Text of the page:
1.) Is it a metric-driven business?
2.) Are they continuously monitoring capacity?
Factories should be using customers’ orders and forecasts to plan the availability of their machines and labor against current and future demand. Doing so enables them to make decisions based on fact, and prevents them from over-committing to production schedules.
How to find out: Ask to see the latest capacity models for the machines and processes related to your quoted work package.
What to look for: Capacity models for machines should factor in planned downtime for maintenance. They should also factor in throughput yield. Labor capacity should factor in planned time off, such as holidays. Ask about process bottlenecks and how demand is forecasted. One way to quickly identify bottlenecks is by looking out for piles of inventory in the production line. When an input comes in faster than the throughput speed of the next process, parts will start accumulating.
3.) Does the business learn from mistakes?
Every company will encounter problems; the variable is how the team reacts to and resolves issues as they arise. We want to work with suppliers who approach problems with rigor, and which address issues quickly.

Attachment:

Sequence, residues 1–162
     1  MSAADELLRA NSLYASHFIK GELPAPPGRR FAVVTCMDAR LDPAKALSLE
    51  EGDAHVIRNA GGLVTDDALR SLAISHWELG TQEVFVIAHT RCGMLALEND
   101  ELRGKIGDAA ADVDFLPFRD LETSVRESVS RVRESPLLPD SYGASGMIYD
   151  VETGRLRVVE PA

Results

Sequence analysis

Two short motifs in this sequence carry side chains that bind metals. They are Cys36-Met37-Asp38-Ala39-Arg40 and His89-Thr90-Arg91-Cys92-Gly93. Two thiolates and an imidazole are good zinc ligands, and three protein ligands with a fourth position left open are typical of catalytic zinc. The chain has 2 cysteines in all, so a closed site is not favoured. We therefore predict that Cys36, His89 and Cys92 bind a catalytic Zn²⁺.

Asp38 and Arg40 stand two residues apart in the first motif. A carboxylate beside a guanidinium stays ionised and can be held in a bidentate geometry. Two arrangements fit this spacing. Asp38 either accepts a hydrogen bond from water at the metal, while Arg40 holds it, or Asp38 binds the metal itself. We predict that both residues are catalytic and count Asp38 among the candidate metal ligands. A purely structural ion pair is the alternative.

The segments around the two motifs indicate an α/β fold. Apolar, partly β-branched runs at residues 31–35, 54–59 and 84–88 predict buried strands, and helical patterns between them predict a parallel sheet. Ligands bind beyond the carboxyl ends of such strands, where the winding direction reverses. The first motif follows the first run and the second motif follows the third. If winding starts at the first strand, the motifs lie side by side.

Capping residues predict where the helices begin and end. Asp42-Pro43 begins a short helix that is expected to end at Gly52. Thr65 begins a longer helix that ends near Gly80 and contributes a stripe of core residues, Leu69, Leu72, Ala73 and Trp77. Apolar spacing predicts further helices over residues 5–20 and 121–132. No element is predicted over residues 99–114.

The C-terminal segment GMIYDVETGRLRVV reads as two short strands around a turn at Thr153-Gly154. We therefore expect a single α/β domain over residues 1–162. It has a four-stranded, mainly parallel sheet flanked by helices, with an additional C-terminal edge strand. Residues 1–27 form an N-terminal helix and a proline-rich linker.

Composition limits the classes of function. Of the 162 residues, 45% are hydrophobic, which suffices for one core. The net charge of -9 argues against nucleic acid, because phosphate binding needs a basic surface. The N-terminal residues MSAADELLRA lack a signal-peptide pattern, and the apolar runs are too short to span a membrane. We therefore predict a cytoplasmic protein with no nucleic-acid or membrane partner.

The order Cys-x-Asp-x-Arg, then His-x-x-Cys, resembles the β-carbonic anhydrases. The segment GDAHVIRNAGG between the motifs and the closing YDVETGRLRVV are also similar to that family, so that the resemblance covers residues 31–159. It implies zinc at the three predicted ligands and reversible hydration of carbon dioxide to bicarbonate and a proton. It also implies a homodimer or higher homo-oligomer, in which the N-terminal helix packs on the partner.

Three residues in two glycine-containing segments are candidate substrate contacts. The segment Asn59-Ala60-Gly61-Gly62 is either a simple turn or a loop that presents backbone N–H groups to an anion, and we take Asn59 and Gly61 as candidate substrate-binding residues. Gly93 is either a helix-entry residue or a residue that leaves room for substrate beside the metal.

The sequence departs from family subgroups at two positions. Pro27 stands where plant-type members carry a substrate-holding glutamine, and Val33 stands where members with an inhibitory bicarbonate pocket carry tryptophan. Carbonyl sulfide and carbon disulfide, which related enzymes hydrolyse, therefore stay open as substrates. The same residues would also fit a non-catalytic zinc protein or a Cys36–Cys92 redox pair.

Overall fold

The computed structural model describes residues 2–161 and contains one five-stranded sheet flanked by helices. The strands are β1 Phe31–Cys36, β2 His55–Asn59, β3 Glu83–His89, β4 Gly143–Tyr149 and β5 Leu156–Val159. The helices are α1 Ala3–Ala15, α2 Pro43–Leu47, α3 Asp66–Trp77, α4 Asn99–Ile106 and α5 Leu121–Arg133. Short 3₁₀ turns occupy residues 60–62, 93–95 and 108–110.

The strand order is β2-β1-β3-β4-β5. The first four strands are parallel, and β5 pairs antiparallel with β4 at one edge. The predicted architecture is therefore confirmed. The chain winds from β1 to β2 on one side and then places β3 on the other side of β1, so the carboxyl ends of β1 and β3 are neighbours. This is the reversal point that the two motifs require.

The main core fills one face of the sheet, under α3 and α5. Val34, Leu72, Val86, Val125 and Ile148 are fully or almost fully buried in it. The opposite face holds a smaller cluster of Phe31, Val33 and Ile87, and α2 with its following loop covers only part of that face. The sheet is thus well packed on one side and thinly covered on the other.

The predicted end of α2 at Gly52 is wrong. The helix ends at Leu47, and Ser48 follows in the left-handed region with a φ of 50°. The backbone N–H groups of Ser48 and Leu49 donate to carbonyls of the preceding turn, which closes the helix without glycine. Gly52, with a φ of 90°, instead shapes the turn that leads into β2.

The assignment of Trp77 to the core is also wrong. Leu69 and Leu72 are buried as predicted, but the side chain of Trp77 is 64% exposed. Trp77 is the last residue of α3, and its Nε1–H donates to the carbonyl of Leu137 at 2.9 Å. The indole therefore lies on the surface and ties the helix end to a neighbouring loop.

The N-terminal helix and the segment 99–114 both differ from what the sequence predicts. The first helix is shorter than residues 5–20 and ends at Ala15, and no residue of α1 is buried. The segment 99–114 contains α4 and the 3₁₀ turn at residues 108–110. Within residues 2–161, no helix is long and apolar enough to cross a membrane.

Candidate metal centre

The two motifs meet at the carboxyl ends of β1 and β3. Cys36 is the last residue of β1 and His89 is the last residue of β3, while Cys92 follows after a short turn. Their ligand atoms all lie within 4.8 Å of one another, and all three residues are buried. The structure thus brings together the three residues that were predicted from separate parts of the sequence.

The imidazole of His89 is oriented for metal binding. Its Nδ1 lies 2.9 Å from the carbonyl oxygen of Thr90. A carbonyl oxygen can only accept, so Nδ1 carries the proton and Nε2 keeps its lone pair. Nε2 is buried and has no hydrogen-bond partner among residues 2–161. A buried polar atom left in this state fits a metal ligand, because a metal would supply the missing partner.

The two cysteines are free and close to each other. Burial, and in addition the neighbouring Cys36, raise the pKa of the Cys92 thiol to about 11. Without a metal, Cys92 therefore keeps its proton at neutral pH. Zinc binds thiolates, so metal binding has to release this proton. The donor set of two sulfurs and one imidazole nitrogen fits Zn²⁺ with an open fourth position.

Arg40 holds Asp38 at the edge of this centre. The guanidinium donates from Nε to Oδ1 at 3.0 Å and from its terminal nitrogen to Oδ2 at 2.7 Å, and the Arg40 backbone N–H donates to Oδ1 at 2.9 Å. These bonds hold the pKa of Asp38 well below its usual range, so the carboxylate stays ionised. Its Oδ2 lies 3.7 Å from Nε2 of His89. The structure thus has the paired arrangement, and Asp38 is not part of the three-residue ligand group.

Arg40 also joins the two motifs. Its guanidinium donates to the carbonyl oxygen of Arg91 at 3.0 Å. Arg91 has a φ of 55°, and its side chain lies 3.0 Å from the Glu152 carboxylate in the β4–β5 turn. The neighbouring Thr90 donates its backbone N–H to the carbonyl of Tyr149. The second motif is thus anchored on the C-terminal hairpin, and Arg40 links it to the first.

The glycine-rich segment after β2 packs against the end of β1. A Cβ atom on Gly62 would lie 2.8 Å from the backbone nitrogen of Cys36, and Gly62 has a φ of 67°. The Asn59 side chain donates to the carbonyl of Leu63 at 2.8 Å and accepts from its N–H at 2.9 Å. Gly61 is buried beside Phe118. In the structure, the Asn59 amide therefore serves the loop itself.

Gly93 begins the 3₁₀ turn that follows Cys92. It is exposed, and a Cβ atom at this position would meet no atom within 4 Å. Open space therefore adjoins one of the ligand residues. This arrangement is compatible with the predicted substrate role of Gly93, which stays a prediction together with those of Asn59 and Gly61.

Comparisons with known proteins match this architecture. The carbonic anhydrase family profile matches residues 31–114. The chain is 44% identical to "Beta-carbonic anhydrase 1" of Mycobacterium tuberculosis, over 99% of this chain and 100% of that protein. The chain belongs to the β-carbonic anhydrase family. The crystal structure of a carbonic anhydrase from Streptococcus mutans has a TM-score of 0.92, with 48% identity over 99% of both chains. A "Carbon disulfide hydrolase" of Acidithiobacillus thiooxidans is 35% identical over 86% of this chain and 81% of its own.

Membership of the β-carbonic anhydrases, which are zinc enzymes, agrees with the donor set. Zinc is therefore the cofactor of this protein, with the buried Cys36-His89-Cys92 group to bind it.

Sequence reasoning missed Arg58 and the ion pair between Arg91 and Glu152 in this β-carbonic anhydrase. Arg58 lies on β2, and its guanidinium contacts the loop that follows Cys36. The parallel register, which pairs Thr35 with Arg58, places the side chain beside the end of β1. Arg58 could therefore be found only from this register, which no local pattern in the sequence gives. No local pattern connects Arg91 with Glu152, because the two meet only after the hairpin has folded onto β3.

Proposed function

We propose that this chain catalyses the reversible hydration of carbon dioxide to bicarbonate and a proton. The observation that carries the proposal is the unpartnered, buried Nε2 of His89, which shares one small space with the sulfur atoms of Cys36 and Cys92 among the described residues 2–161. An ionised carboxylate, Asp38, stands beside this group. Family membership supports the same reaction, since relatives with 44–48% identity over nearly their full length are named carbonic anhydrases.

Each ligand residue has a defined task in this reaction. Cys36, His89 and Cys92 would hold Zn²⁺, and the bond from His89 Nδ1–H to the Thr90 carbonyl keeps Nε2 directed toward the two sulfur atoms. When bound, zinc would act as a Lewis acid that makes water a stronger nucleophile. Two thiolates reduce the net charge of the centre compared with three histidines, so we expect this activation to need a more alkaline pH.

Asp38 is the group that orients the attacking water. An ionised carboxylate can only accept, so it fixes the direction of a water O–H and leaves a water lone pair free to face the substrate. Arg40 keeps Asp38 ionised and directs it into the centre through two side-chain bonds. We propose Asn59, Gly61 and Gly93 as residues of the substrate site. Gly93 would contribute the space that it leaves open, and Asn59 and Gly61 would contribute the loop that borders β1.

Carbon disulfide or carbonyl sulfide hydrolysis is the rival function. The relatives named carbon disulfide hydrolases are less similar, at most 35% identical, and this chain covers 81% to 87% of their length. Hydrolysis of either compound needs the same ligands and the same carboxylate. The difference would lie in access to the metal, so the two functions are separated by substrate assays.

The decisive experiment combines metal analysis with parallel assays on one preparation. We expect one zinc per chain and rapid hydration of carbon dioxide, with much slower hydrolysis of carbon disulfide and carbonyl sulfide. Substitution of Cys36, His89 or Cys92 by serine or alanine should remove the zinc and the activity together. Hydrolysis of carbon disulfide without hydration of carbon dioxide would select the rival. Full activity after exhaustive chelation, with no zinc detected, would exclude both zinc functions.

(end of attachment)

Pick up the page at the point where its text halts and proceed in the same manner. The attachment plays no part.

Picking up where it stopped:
How to find out: Ask what the company’s worst quality issue was in the last 12 months or if they have had any recent product recalls.
What to Look for: The best responses from suppliers are candid and direct. The leadership team should embrace opportunities to improve and quickly take meaningful action to address the issue at hand. I also recommend watching how the team reacts to the question. Are they defensive and emotional? Or, do they handle themselves with grace and demonstrate a fact-driven approach? Their response is a strong indication of how they will react to future supply disruptions and quality escapes. One of the suppliers I worked with in a previous role had an abysmal quality track record. In a year’s time up to 8% of the product sent to our facility had quality issues. However, their leadership team’s ability to have a direct conversation about the numbers, and their openness to new ways of addressing the issues at hand, created an environment where we were able to improve their product quality to fewer than 0.05% defects per year.